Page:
Assassin’s Creed Origins DLC: The Curse of the Pharaohs Review

Is this the afterlife? Is this just fantasy?

After the dreary retread of the main game that was the Hidden Ones DLC, the pressure was on for Ubisoft to deliver with the final instalment of the adventures of Bayek to be more worthwhile. The inclusion of a greater focus on the mythology of Ancient Egypt certainly intrigues, but will The Curse of the Pharaoh inevitably prove to be more of the same?

Upon arriving in Thebes, Bayek is immediately thrown into battle with an undead Pharaoh. The ‘Pharaoh’ in question is Queen Nefertiti. Who leaps into the fray, her distinctive war crown upon her deceased head, to attempt to chop up Bayek with her knives. Chop me up she did, in what was the first time my avatar has died in the last ten hours of gameplay (including the entirety of The Hidden One’s DLC) and it’s a clear statement of intent from Ubisoft.

Thankfully, The Curse of the Pharaohs sees challenge return once more to Origins. In part, this is due to the level cap of the enemies – and ultimately Bayek – being increased to 55. It’s also because the mythological setting has allowed the development team to cut loose in their character and enemy design – giant deadly scorpions are exactly as dangerous as you would expect. Because of this it is no longer possible to sleep walk your way through an enemy camp with a super powered and near invulnerable Bayek. Instead, I found myself resorting to the development of new tactics and unused abilities from the main game. It was exhilarating and promotes exactly the sort of high level play expected from a final episode of DLC.

Thebes is, for the most part, visually indistinct from many of the other settlements that you’ll have already explored to completion in the main game. It is with the Egyptian afterlife that the developers have really had the opportunity to try something new, the results if which are stunning and easily the most graphically impressive environments to be found in an Assassin’s Creed so far. Exploring the heaven-like Aura, with fields upon fields of golden reeds, and Duat, where the dead go to be judged, is like inhabiting a historian’s wet dream. The attention to detail on display here is absolutely astonishing and it’s further proof of how the superb team of historians at the heart of the Assassin’s Creed franchise are able to liaise with the rest of the development studio.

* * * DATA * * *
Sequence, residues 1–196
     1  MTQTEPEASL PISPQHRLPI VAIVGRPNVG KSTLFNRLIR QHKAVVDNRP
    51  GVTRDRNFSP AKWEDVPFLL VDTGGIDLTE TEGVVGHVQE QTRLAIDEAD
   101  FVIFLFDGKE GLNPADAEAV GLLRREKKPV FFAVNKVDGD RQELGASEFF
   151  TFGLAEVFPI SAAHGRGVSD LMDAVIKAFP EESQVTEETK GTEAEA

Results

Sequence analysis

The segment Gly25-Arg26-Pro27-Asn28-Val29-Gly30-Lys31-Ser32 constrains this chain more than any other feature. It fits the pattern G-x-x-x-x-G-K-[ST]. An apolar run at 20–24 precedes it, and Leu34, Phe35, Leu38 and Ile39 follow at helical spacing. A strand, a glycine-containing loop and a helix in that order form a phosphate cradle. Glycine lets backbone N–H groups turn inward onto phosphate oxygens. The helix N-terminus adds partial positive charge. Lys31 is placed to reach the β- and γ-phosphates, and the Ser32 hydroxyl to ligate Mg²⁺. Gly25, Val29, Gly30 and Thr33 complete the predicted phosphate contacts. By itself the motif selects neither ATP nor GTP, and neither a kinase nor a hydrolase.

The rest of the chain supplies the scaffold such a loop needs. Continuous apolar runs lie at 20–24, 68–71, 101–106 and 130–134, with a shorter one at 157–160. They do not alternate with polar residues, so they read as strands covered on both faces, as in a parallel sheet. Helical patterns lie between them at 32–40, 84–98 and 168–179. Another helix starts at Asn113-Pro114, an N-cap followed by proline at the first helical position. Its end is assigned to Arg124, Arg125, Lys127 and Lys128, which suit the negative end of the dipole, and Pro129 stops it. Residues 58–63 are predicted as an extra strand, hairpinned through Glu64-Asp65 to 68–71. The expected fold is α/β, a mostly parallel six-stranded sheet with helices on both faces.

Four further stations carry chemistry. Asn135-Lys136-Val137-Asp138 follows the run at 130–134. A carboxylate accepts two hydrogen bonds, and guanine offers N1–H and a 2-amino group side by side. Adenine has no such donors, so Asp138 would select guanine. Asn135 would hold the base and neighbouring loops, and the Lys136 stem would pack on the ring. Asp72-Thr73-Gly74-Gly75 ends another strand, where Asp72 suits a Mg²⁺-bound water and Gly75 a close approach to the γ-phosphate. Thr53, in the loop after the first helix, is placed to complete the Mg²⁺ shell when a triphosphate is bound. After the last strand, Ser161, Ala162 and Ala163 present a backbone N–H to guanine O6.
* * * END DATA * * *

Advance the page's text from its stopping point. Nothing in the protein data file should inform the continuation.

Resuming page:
This is a thorough experience, with around fifteen hours of play. Whilst the structure of the game remains unchanged, several quests have been imbued with a renewed sense of fun and love for the absurd. In addition, the Pharaoh’s Shadows are a breath of fresh air compared to the disappointingly samey Philakitai-like opponents of The Hidden Ones DLC, who would simply wonder around the map until Bayek decided to kill them. Instead, the Shadows have agency. They’ll appear out of the ether and start hacking Egyptian peasants into moist giblets. Even when Bayek arrives to try to stop them, they’ll quite happily run off and rip an unsuspecting passer-by a new orifice. The Shadows offer a genuine challenge and, as such, a sense of accomplishment once they are ultimately defeated.

Readers will no doubt be relieved to hear that Bayek of Siwa is as hilariously flammable as ever. Early on in the game, whilst performing a ritual to appease the sun disk Atun, Bayek is tasked with scaling a ladder and setting fire to a large sphere constructed of wooden debris. Of course, being only a few feet from open flames immediately resulted in Bayek being transformed into a human torch. He dropped down to the ground, setting fire to the red jars inexplicably placed beneath him. In video games red means explosive and this certainly proved true as the rest of the innocent civilians conducting the ritual were immediately killed. Bayek himself was trapped in an animation loop, so I simply had to watch him slowly burn to death.

Unfortunately, this was not the only example of bugs and glitches to be found, and they’re not all as comical. In my playthrough, Bayek was unable to leap from certain rooftops for no explicable reason, became trapped within the building he was climbing and had all manner of fun with horses. There was even a case of the game crashing completely and returning me to the PlayStation 4 dashboard. It feels like par for the course with a Ubisoft release, but that doesn’t make it any less disappointing.

What’s Good:

  • Offers a genuine challenge
  • Fantastic and fresh environments to explore
  • Tongue in cheek side quests

What’s Bad:

  • Still has plenty of bugs

After the disappointment of dreadfully dull The Hidden Ones, Ubisoft have finally delivered with this last instalment of DLC. The Curse of The Pharaohs offers astonishing and fantastical worlds to explore alongside a formidable challenge. Experienced players of Origins will be delighted to learn that more of them is required than repetitive level grinding and endless hack and slash. Instead, all of Bayek’s skills must be put to use to earn victory against his mythological opponents. If you can look past the numerous bugs and glitches, then you’ll find an essential experience for any fan of Assassin’s Creed: Origins.

Version Tested: PlayStation 4

Written by
Ade reviews video games. He writes Playing With History. Read more of Ade's stuff at www.adewritesstuff.com

1 Comment

  1. Not paying £16 for it. Will be in a sale sooner or later though, so will grab then.

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